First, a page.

Humanity acts based upon who we are, and our history is not pretty. Pharaoh’s mistreatment and oppression of the Hebrews is not an exception in history. It is normal. The same stuff is going on in our world today. Slavery, cruelty, injustice, and the like have not gone away and in some ways have gotten worse. This is because of who we are as human beings.
God acted based on who He was at the time He delivered Israel, at the time of the Cross, and He will act in the same way today. God tells us four things about Himself in today’s passage that assure us of how He will act.
First, He tells us His name (His character).
He tells us:
God spoke to Moses and said to him, “I am the Lord. I appeared to Abraham, to Isaac, and to Jacob, as God Almighty, but by my name the Lord I did not make myself known to them.” ()
The word or name “Yahweh/Jehovah” was known to Abraham and Isaac, according to Genesis, but God had not “made Myself known.” This indicates a fuller revelation of Himself than had been seen up to this time. We understand the same thing in the New Testament as Hebrews 1:1-3 says:
Long ago, at many times and in many ways, God spoke to our fathers by the prophets, but in these last days he has spoken to us by his Son, whom he appointed the heir of all things, through whom also he created the world. He is the radiance of the glory of God and the exact imprint of his nature, and he upholds the universe by the word of his power. ()
As indicated by these verses, the revelation of God to His people is progressive. Revelation builds upon itself so that new revelations add to what is already known. At the time of Jesus, the only Scripture available was the Old Testament. Now we have the New Testament in addition to the Old Testament. The Scriptures are complete and not to be added to, but God will still reveal more when Jesus returns.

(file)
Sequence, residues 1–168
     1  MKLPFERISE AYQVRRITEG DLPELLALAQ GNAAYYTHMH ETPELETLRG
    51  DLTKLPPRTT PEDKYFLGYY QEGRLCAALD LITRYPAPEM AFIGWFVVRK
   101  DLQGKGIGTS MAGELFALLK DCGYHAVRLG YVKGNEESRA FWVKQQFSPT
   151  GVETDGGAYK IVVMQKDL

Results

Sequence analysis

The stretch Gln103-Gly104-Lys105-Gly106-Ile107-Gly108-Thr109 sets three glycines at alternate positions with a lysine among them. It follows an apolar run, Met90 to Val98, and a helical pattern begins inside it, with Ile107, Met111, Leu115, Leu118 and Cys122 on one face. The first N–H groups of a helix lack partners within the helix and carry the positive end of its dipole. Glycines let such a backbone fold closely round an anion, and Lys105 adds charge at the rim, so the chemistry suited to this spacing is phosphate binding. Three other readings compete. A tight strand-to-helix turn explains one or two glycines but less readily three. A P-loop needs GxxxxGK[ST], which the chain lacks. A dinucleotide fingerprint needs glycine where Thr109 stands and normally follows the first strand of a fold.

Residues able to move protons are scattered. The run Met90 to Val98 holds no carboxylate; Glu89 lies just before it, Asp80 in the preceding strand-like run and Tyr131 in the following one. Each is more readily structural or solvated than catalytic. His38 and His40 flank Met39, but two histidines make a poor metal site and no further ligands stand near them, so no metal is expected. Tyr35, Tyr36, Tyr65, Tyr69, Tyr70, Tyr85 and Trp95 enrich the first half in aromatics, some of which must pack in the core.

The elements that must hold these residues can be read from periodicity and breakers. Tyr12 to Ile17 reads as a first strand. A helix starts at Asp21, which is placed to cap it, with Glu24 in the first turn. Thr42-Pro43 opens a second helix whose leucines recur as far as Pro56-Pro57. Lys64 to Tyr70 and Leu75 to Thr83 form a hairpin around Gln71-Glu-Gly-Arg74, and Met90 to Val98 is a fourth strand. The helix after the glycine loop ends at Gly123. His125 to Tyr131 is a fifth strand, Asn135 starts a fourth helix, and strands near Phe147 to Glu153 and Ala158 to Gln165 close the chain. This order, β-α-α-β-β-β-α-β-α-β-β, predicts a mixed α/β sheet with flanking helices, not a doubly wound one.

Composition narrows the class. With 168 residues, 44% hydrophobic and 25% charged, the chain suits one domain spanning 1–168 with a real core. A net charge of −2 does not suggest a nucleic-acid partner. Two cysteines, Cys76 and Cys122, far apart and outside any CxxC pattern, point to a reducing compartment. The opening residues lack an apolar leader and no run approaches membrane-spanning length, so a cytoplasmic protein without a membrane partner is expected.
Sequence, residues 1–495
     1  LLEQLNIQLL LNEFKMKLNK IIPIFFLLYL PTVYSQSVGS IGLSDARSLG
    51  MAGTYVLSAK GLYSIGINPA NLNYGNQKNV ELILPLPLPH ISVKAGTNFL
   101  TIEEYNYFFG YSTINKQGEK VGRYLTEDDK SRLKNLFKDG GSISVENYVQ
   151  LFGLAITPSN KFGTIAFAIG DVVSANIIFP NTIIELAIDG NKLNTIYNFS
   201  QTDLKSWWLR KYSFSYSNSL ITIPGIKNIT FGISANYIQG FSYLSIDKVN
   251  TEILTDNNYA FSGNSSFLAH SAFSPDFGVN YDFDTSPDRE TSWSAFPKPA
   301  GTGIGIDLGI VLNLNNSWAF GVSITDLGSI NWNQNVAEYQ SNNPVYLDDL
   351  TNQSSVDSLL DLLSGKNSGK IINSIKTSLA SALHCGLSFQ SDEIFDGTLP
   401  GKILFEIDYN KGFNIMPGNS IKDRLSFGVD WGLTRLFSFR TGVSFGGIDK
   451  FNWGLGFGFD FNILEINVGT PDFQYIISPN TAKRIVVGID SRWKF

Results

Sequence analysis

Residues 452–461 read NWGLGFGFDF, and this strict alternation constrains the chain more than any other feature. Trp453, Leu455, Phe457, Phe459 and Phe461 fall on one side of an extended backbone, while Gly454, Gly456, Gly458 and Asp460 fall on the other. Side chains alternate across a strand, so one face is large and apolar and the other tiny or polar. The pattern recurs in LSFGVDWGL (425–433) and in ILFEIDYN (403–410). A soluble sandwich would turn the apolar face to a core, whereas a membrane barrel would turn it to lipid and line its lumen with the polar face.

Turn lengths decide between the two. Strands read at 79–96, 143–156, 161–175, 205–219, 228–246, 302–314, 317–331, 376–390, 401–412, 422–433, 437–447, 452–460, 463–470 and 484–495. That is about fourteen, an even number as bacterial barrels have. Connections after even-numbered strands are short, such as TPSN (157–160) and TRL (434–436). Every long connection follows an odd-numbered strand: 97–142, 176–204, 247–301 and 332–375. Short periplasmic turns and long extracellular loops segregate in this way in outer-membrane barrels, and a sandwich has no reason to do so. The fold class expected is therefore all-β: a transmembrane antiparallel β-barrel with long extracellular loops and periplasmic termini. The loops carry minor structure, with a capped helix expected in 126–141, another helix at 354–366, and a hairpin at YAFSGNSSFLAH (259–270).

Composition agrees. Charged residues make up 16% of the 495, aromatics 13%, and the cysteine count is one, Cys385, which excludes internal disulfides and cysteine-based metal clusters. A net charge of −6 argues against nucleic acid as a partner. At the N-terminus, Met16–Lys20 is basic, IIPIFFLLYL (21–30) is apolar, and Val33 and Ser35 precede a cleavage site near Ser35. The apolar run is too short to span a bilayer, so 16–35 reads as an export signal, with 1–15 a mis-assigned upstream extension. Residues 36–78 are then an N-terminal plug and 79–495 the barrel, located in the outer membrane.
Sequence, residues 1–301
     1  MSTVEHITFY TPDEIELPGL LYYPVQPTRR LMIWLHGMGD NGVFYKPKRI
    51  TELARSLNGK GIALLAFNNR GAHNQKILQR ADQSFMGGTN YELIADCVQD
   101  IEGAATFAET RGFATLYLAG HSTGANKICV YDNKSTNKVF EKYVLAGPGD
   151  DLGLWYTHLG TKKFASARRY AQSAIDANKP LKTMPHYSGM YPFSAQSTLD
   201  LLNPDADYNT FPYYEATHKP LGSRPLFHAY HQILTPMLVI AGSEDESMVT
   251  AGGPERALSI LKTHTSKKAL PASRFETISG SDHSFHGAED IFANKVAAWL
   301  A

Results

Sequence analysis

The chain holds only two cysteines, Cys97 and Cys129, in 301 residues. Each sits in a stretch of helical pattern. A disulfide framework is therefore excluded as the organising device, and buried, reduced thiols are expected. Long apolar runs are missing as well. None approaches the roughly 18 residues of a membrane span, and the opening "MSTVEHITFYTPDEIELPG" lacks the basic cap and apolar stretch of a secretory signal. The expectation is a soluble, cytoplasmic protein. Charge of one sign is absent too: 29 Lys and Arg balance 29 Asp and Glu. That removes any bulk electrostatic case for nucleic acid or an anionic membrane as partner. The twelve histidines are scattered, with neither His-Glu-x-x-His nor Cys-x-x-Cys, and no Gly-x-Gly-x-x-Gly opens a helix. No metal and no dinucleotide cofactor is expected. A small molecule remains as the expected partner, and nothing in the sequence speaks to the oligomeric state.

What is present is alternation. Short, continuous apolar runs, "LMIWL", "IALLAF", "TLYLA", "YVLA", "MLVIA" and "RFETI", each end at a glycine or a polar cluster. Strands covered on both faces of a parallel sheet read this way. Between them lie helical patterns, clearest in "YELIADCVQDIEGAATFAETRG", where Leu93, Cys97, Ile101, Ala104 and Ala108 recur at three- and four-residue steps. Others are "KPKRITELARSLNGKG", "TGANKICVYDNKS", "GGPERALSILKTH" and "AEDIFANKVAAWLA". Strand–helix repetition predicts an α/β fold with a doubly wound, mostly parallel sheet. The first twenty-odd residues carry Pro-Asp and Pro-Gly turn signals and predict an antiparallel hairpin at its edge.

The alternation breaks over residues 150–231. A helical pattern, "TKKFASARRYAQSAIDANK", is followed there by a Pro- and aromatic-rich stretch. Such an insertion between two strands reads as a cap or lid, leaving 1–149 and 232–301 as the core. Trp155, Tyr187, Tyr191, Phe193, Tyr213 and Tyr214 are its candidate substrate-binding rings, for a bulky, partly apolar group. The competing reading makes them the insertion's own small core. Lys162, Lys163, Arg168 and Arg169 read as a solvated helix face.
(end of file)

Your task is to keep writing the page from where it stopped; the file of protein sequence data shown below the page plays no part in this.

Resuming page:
Abraham, Isaac and Jacob had seen the mighty power of God and were experiencing God as a covenant-making God, but now Moses and the people of Israel were going to experience more of the meaning of God’s covenant name. In the same manner, we now know more fully what it means that God is our Savior because of what Jesus did on the cross.
Along with His name, God reveals His faithfulness.
God is a faithful God. This means He keeps His promises. He does not lie, He does not forget, and He does not change.
In Exodus 6:4-5, God says:
I also established my covenant with them to give them the land of Canaan, the land in which they lived as sojourners. Moreover, I have heard the groaning of the people of Israel whom the Egyptians hold as slaves, and I have remembered my covenant. ()